On the Problems with Candles and the Joys of Homemade Stove-top Scents:

Lemon Rosemary Potpourri. Photo by Samantha McClellan
Lemon Rosemary Potpourri. Photo by Samantha McClellan

I have a confession, I am a recovering candle addict. I always had at least one deliciously scented candle in the kitchen area of my apartment that I lit every single night. I loved the ambient light, I loved the scent, and I loved that even if I hadn’t cleaned up from the day or cleaned the apartment just lighting that lovely little candle made me feel like things looked nice. (irrational? yes, but true)

So, what is the problem? Well first, candles are expensive. Even the cheapest candles sold at the grocery store are at least 7-9 dollars or more. Which when you are going through them every few weeks, adds up. Secondly, most candles contain very dangerous levels of toxins and potential carcinogens. The only beneficial, healthy type of candle is a pure beeswax candle which is much more expensive. In fact, beeswax candles have even been shown to help reduce the symptoms of asthma, allergies, and hay fever in some cases. However, most candles, especially the deliciously scented type, are generally made of either soy or, more likely, paraffin. Paraffin alone contains a large amount of toxins and carcinogens when burned, and all scents and dyes are chemically based and potentially toxic because even pure essential oils are not safe when burned because the heat changes the molecular structure of the oil. Finally, even soy candles which have a reputation of burning cleaner release a smaller amount of toxins and carcinogens as well as carrying with them a large environmental concern, because over 90% of all soy is genetically modified.

So, what can we do to avoid the use of candles but also have a home that smells yummy and inviting? Why, make some stove top potpourri of course! There are so many variations of this type of potpourri the possibilities are as endless as the options at the Yankee Candle store. You simply get together a couple of natural aromatic ingredients, add water, and simmer on a very very low heat setting while you are at home. Obviously, the while you are at home part is important… you will need to remember to turn it off when you leave, as well as add water if it starts to get low.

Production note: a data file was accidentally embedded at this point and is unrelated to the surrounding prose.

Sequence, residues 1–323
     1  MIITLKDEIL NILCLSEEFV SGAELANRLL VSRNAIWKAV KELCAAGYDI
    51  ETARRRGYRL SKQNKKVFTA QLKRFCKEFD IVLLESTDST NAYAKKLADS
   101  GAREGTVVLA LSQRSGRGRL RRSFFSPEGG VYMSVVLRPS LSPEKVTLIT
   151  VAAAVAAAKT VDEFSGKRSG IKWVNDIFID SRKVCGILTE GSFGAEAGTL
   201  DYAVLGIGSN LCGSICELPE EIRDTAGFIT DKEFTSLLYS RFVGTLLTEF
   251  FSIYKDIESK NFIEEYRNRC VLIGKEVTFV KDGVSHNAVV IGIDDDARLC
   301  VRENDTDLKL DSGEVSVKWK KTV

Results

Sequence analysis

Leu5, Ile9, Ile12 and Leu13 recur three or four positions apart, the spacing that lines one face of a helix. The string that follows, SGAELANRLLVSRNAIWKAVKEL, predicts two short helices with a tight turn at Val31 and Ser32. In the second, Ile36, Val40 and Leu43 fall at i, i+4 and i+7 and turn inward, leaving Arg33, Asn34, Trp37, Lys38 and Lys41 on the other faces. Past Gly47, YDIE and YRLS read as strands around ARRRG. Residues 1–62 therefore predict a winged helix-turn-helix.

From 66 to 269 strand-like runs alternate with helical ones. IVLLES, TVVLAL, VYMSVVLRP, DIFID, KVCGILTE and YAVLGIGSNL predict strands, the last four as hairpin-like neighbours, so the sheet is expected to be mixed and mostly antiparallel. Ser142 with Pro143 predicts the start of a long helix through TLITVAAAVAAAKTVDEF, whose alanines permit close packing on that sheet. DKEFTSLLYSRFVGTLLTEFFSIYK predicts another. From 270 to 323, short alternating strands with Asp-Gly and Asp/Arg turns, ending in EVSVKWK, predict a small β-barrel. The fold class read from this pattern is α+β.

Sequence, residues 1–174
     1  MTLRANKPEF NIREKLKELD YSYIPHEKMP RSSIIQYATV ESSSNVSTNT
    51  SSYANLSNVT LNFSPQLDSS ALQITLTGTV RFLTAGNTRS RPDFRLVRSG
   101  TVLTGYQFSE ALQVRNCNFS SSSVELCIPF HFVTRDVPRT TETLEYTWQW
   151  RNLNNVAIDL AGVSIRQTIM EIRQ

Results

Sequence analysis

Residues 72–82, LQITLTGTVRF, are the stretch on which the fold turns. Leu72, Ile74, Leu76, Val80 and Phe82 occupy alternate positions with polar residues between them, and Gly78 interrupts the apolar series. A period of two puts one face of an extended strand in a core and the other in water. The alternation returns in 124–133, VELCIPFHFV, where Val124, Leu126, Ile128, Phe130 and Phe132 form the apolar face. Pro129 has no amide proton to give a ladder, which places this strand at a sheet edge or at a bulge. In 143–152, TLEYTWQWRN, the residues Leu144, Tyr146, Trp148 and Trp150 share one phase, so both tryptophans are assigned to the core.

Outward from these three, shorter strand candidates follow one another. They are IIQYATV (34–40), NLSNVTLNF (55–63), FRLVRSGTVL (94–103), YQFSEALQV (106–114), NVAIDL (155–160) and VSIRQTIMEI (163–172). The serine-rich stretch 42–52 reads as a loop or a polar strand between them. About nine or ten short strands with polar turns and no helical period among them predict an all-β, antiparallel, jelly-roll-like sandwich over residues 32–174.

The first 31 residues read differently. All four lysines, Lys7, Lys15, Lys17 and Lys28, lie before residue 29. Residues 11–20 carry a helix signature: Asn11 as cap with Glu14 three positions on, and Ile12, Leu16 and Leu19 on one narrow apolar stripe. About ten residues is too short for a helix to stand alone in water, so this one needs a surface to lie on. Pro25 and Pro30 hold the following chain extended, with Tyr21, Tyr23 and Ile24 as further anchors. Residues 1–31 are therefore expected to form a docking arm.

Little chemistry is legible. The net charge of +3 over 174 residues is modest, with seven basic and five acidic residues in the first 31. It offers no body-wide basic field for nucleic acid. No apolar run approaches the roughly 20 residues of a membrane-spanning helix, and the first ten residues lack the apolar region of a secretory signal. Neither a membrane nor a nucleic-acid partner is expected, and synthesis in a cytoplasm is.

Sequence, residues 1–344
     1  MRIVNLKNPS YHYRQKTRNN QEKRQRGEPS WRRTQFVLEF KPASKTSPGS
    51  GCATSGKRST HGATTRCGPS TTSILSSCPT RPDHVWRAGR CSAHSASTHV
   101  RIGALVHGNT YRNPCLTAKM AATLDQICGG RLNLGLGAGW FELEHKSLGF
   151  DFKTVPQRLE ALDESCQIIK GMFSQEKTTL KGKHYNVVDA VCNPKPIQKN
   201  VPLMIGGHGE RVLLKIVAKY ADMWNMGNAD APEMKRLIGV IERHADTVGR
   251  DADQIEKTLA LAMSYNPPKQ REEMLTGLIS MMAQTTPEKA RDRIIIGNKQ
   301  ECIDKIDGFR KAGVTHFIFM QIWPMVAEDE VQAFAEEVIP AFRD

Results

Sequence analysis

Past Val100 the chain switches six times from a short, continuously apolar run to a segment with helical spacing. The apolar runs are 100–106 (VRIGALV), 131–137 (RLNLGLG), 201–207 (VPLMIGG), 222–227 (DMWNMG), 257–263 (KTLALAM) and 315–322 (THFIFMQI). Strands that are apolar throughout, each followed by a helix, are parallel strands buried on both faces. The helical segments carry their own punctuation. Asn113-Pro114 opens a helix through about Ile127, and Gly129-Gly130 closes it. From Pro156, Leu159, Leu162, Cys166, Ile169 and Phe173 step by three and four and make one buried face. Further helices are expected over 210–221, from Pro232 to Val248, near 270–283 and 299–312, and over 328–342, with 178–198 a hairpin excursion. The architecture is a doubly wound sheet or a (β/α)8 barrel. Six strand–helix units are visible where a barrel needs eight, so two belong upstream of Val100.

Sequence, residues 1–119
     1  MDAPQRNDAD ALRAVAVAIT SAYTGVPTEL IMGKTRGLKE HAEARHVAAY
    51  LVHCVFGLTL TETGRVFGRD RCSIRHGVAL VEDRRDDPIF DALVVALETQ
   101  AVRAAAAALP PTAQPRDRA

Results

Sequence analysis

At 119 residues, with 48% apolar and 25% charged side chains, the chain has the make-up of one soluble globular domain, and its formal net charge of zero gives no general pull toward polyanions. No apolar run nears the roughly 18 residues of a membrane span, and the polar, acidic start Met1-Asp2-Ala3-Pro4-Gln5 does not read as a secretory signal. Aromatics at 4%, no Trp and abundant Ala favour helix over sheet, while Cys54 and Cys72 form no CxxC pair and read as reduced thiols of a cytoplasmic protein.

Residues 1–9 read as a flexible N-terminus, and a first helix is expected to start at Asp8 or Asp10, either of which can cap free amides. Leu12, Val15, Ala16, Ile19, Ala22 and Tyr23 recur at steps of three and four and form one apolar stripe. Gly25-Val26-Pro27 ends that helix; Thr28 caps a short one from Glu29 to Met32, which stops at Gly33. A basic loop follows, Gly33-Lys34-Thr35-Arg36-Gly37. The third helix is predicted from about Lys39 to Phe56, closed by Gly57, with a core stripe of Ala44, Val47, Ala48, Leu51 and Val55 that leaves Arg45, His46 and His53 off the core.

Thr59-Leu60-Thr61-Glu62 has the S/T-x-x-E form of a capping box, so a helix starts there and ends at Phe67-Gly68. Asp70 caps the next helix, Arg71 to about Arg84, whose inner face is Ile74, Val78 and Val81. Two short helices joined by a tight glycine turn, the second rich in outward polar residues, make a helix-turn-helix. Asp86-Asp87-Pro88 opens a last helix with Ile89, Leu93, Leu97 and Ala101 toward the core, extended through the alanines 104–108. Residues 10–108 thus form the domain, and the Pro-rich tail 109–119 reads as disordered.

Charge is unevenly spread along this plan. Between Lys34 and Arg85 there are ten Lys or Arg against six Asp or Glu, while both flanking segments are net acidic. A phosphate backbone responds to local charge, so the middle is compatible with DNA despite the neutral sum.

My husband recently asked if the potpourri saved money in the end when the cost of running the stove was included in the price comparison with candles. I did the math: Generally the cost of the ingredients involved in one batch of potpourri is less than 3 dollars, if you simmer it on the stove for even 5 hours a day (which is a lot) you’re looking at a cost of less than $0.50/day in electric costs. That means that for a week’s worth of potpourri you are looking at a max cost of about $6 or less. Which comes out on par if not cheaper than the cost of a moderately priced candle with the added bonus of a lack of harmful substances.

So, what are some potpourri recipes? Here are three of my favorites to get you started:

Summer Time Citrus: 

1 can of pineapple juice

a few orange slices

a few lemon slices

a few lime slices

a teaspoon on coconut extract

Lemon Rosemary Vanilla (The Williams Sonoma Scent): 


one lemon, sliced

a few sprigs of fresh rosemary

a TBS of vanilla extract

Citrus and Spice: 

a Few orange slices

a few lemon slices

2 cinnamon sticks

2 bay leaves

1-2 TBS of whole cloves

1 tsp of vanilla extract

Making a few batches of Potpourri makes for a wonderful DIY Gift. Photo by Samantha McClellan
Making a few batches of Potpourri makes for a wonderful DIY Gift. Photo by Samantha McClellan

As an added bonus making a few of these batches in jars with pretty labels and ribbon makes a lovely DIY gift Idea. Enjoy 🙂


Jesse St. Jean

Jesse St. Jean

I am many things: a wife, a daughter, a sister, a nutritional therapist, a dog-mom… and I’m an autoimmune warrior.


  • I didn’t know about the carcinogens and other things released when burning candles. Very interesting. I assume the cost to do stove top potpourri can vary depending on the appliance used (more energy efficient versions, etc.).

  • Sam,
    Love this post – you know how I feel about scented candles & how sick they make me. Another thing people often don’t realize is how toxic the chemicals in burning candles and especially those “Glade” type air purifiers are to pets. I’ve just about used the last of the Lemon Rosemary that you gave to me (hint, hint) and I Love it. You’re right, jars of these lovely liquid potpourris are a great gift!

  • I love these blends! I use a mini crockpot instead of the stove. Works great!

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Nutritional therapist Jesse

Hi, I'm Jesse

I empower women autoimmune warriors to reclaim their health by teaching each woman how to make the right food choices to heal her body while confidently owning her journey so she can live a vibrant life with chronic illness.


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